Cameroon's Muslim leaders were invited to the capital Yaounde for a briefing on 'Islamic State' (IS) ideology. IS affiliate Boko Haram is devoting more effort to spreading its extremist message.
At a meeting that began and ended with prayers, some 300 Cameroonian Muslim clerics gathered for a workshop on how to face up to the ideological threat from the Nigerian Islamist militant group Boko Haram and the IS militant organization.
Cavaye Yegue Djibril, who is both the speaker of Cameroon's national assembly and the traditional and Muslim leader of the town of Mada on the Nigerian border, urged Cameroonians to be vigilant. He also said that "whoever collaborates with the IS or any form of extremism" should be aware of the unity of the Cameroonian people.
Boko Haram pledged allegiance to IS in March 2015.
IS controls vast areas of Iraq and Syria. Its mass recruitment of western Islamic radicals is considered one of the greatest security threats faced by Europe and the United States.
According to the news agency AP, IS promises Western recruits whatever they are looking for: Shariah law, a deeper purpose in life, a fight against a dictator, aid work, automatic weapons and pathological violence for those so inclined.
Cameroon's Muslim leaders say that some young, unemployed Cameroonians have fallen victim to Boko Haram's ideology and the clerics fear the radicalized youth might turn violent.
Boko Haram aims to create an Islamic caliphate in the territories its controls.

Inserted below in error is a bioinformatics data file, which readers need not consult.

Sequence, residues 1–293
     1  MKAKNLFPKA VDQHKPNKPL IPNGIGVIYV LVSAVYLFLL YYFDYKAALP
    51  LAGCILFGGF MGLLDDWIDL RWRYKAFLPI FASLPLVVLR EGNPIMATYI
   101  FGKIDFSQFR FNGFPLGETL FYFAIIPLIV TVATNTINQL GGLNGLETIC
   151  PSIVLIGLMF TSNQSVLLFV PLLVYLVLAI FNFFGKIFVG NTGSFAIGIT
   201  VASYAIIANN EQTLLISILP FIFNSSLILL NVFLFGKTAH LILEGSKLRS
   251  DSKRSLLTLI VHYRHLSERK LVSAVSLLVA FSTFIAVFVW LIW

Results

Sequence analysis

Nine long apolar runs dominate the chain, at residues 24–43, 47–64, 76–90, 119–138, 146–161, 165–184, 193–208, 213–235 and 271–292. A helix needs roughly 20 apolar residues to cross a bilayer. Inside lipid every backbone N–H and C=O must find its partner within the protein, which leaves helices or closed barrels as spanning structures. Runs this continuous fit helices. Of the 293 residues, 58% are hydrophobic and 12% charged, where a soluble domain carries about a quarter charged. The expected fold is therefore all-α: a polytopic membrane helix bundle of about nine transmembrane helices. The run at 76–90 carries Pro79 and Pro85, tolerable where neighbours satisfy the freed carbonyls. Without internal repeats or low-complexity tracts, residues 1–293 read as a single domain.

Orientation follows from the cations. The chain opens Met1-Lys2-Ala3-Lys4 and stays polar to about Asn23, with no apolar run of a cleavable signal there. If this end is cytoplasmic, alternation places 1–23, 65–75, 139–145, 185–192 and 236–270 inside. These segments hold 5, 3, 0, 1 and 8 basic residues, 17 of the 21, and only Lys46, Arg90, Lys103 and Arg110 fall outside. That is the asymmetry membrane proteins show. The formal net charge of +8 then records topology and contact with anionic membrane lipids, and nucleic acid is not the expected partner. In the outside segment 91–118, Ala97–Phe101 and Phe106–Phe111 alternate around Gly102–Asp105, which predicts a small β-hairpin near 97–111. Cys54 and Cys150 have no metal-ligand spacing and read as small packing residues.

Identifying IS supporters
The workshop in Yaounde was organized by the Union of African Muslim (UAM) scholars and Cameroon's Islamic Cultural Association (ICA).
The two organizations say they have been educating local Muslims about IS since Boko Haram's pledge of allegiance to the group .
Chieck Nsangou of the UAM say Cameroonian Muslims can identify IS supporters as "people who say they want to implement Sharia law at all cost and by all means and who are very sensitive about issues that are not important."
Moussa Oumarou of the ICA said Cameroonians should be wary of psychological warfare erupting between Cameroon's Islamic groups, Sunnis and Shi'ites. He believes Boko Haram intends to foster hardline elements within these groups in order to destabilize Cameroon.
"Sunnis make up the majority of Muslims in Cameroon, but they are also Shi'ites and there is no objective reason to exclude them because they are part of the bigger Islam family," he said.
Nigeria's President Muhammadu Buhari announced this week he plans to visit Cameroon to discuss an anti-Boko Haram regional fighting force.
Nigeria, backed by its neighbor Chad, Niger and Cameroon, has driven Boko Haram out of many of the positions it previously held.
The six-year insurgency has claimed at least 15,000 lives.